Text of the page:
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BBC Radio 4 - Costing the Earth

Costing the Earth

Fresh ideas from the sharpest minds working toward a cleaner, greener planet

Costing the Earth

  • A short history of environmental protest
    It's fifty years since the first blossoming of environmental campaign groups. Friends of the Earth, Greenpeace and the organisation which was eventually to become the Green Party were all set up in the early 1970s - all within just a few years of each other. In part 1 of this two-part series, Tom Heap takes a look back over the last half century of environmental protest. He talks to some of the big names involved in green campaigning - from the early days up to the present and the rise of Extinction Rebellion. He asks what the movement has achieved and what challenges still lie ahead. Producer: Emma Campbell

  • World on Fire
    Last year wildfires in the Amazon made headlines news. This year we've hardly heard about them - but that doesn't mean they're not happening. In fact the number of rainforest fires in Brazil rose by almost 20% in June, reaching a 13 year high, according to government data. Some estimates now point to 2020 being an even worse year for forest destruction than 2019. Meanwhile, from California to Siberia, fires have been devastating landscapes and throwing more greenhouse gases up into the atmosphere. In this programme, Lucy Siegle and a panel of experts explore the causes of fires around the world, and asks what can be done to tackle them. Produced for BBC Audio in Bristol by Emma Campbell.

  • Bushfire Animal Rescue
    Record-breaking temperatures and months of severe drought fuelled a series of massive bushfires across Australia last winter. Dozens of people died and millions of hectares of bushland and forest were burnt. Australia's plant and animal life are well adapted to natural fire but the additional burden of climate change ensured that many of the fires were more intense and widespread than ever before. Much of the country's unique fauna had nowhere to hide. Peter Hadfield travels through the fire-ravaged regions of New South Wales to discover how local people are working to return injured animals to the wild and prepare habitats for a future that can only get hotter. Producer: Alasdair Cross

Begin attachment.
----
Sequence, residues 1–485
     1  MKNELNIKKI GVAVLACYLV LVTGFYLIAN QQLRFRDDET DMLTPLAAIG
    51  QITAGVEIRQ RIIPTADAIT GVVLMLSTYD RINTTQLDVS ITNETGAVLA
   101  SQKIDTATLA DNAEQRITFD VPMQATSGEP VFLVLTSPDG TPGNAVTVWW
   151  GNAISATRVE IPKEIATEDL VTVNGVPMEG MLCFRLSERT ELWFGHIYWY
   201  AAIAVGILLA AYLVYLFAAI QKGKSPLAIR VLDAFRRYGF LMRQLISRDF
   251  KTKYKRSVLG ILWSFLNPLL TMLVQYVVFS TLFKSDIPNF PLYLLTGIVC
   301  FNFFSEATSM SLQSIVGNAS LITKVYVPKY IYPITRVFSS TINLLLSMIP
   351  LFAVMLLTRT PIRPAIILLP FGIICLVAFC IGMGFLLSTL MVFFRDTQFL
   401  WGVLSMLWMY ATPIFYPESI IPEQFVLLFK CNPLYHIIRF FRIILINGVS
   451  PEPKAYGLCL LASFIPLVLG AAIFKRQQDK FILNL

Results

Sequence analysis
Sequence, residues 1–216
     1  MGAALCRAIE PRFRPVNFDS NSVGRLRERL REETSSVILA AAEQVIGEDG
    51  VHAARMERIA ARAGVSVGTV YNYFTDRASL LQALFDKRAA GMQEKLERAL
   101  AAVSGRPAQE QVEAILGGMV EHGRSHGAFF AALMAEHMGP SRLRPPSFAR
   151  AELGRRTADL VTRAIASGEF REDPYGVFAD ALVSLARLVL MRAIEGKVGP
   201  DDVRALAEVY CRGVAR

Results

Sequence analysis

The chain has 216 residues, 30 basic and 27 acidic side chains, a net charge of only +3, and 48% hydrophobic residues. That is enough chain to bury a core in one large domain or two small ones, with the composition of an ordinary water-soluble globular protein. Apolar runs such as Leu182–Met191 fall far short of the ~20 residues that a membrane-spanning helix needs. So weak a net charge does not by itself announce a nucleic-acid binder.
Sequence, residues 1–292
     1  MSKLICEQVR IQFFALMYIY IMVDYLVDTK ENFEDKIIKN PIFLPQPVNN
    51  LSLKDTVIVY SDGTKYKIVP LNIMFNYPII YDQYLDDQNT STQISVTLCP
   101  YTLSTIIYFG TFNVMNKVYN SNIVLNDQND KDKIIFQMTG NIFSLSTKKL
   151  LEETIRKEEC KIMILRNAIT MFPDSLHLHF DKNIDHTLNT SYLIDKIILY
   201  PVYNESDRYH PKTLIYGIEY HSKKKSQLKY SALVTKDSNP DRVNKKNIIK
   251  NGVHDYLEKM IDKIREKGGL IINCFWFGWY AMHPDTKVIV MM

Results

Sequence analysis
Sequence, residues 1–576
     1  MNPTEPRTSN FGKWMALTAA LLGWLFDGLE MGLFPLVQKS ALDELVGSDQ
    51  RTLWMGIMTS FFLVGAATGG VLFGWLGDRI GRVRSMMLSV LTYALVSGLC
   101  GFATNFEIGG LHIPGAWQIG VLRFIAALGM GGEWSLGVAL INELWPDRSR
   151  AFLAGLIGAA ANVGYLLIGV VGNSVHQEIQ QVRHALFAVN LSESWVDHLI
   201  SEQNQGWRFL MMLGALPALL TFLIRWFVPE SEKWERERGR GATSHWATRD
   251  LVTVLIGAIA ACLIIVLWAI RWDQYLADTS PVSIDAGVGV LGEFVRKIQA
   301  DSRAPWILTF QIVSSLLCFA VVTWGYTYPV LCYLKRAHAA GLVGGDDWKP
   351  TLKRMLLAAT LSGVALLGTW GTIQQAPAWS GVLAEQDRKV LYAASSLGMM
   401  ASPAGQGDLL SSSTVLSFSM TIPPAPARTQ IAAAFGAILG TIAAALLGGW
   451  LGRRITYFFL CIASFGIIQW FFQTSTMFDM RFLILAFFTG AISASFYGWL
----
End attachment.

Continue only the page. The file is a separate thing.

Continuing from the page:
• The Great Leaky Loo Scandal
    Do you know how much water you use? Despite campaigns to reduce our personal water usage from around 143 litres each per day to closer to 100, it's not improving. Meanwhile Tom Heap has discovered that an innovation to a product we use every day, an innovation which promised to save water is actually making things worse. Billions of litres are being wasted every week – enough to supply the cities of Edinburgh, Cardiff, Sheffield, Manchester, Liverpool, Bristol and Belfast combined – welcome to the Great Leaky Loo Scandal. We reveal how this is happening and what can be done. Tom gets a revealing look behind the scenes at a plumbing manufacturer where flushing systems are tested and the science of 'solids discharge' is analysed. When water is being abstracted from rivers and being treated to meet our demands we ask if we need to take the resource more seriously. Produced by Anne-Marie Bullock for BBC Audio in Bristol

  • Swimming in Superbugs?
    Ellen Husain investigates the presence of pathoghens in the marine environment. She learns how surfers and regular sea swimmers may be more likely to have anti-microbial resistant bacteria in their bodies, and finds out about the ways in which antibiotics find their way into our oceans. Is the way we manage our seas actually fuelling the rise of antibiotic resistant bacteria and increasing the risk of untreatable disease in future? Producer: Emma Campbell